Congress is getting fed up with the California EDD, today sending a third request for information regarding its disastrous, fraud-riven pandemic response.
In January, the House of Representatives Oversight and Accountability Committee asked EDD chief Nancy Farias to turn over a series of internal documents as part of the committee’s investigation into pandemic response fraud.
Farias responded with a letter ludicrously blaming former President Donald Trump for the $40 billion the EDD lost to fraud; however she did not send over any of the requested documents.
The committee tried again and the EDD sent back another letter and some press releases – not even remotely properly responding to the request.
Now, the committee seems a bit peeved, especially in light of the upcoming Senate vote on the confirmation of Julie Su to be the next Secretary of Labor. Su led the EDD during the pandemic as it negligently shoveled out billions of dollars to fraudsters while simultaneously failing to pay benefits to millions of legitimate claimants.
“The Oversight Committee’s mission is to have the backs of American taxpayers and prevent waste, fraud, abuse, and mismanagement of taxpayer dollars,” said House Committee on Oversight and Accountability Chairman James Comer (R-Ky.) “We owe it to the American people to get answers about how California’s negligence allowed tens of billions of taxpayer dollars to be lost to fraud, especially as President Biden is trying to appoint Julie Su as the next Secretary of Labor. Giving a taxpayer dollar arsonist a bigger match will only lead to a bigger fire.”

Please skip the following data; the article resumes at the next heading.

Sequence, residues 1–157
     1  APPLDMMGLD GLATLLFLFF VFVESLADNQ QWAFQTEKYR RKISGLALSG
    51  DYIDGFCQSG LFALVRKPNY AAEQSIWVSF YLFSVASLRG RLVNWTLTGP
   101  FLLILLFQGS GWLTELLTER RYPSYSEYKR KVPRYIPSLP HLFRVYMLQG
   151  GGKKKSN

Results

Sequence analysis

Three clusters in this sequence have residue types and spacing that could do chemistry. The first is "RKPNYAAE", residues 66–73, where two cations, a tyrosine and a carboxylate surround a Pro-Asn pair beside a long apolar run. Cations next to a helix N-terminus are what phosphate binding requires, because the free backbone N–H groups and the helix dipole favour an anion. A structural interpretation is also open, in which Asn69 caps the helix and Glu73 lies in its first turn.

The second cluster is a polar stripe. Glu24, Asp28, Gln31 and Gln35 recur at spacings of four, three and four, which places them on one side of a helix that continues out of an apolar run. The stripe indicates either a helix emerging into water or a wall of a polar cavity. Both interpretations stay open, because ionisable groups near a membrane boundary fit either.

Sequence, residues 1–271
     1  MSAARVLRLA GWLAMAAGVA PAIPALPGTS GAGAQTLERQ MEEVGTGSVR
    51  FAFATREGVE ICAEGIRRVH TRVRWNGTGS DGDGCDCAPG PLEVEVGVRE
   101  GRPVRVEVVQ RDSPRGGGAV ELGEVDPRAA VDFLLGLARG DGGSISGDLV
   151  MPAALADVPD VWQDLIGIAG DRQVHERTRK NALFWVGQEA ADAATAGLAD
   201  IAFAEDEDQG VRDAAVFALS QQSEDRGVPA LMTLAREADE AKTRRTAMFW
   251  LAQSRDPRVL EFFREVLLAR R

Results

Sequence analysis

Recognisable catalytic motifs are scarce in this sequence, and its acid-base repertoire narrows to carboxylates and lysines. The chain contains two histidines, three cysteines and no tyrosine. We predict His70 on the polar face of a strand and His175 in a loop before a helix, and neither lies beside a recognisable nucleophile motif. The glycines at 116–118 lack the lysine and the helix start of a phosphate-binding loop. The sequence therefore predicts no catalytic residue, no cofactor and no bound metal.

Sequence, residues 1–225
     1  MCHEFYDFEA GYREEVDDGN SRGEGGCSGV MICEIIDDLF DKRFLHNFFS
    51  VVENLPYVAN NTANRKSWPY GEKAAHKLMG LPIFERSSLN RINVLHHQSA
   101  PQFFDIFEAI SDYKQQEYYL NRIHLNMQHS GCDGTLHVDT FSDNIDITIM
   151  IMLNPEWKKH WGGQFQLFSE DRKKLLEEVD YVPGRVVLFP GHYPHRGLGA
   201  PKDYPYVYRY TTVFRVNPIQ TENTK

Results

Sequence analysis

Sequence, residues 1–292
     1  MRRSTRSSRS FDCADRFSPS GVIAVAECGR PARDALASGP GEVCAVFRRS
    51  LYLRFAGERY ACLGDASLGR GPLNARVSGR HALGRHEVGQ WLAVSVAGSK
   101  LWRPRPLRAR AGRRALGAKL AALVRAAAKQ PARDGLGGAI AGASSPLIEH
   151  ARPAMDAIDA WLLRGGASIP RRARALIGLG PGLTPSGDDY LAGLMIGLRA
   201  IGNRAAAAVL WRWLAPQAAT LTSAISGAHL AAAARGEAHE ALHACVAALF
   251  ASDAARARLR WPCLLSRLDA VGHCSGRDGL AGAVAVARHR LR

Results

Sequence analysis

The EDD did not respond to a request for comment.
The committee is attempting to get to the bottom of the massive fraud perpetrated against the EDD during the pandemic. The current estimate is that the EDD lost about $40 billion to illegitimate claimants, including prisoners (and not just from California prisons), garden variety local scammers, and international fraud rings, all of whom simply walked right into the department’s completely unprotected system.
While the EDD has claimed it did the best it could, it should be noted that the EDD—even though it could have purchased basic fraud protection software that would even work with its antiquated IT systems for about $5 million—had no way to prove if an applicant was who they said they were until the end of 2020, months after the pandemic began.
The committee has asked the EDD, which it characterized as “plagued by rampant waste, fraud and abuse,” for the following documents and information:
1. All processes and procedures related to the disbursement of unemployment insurance benefits during the pandemic, including policies and procedures intended to ensure payments are made to the proper individual, and to ensure that the individual is a qualified recipient of unemployment insurance;
2. All documents and communications between employees of the California EDD and employees of the U.S. Department of Labor regarding the state’s UI benefit program;
3. All documents and communications related to efforts to prevent payment of fraudulent UI claims;
4. All documents and communications related to efforts to recoup UI claims paid improperly; and
5. All documents and communications related to identifying the total number of improperly paid UI benefits and documents sufficient to show whether those funds remain in the United States or were transferred to entities outside the United States.
As the EDD failed to respond to a request for comment, it is not exactly clear why the agency is failing to comply with a congressional oversight effort.
The committee has given the EDD until May 10 to comply with the request. The committee would neither confirm nor deny the possibility of issuing subpoenas and/or conducting its own on-site discovery effort if the EDD fails for a third time.
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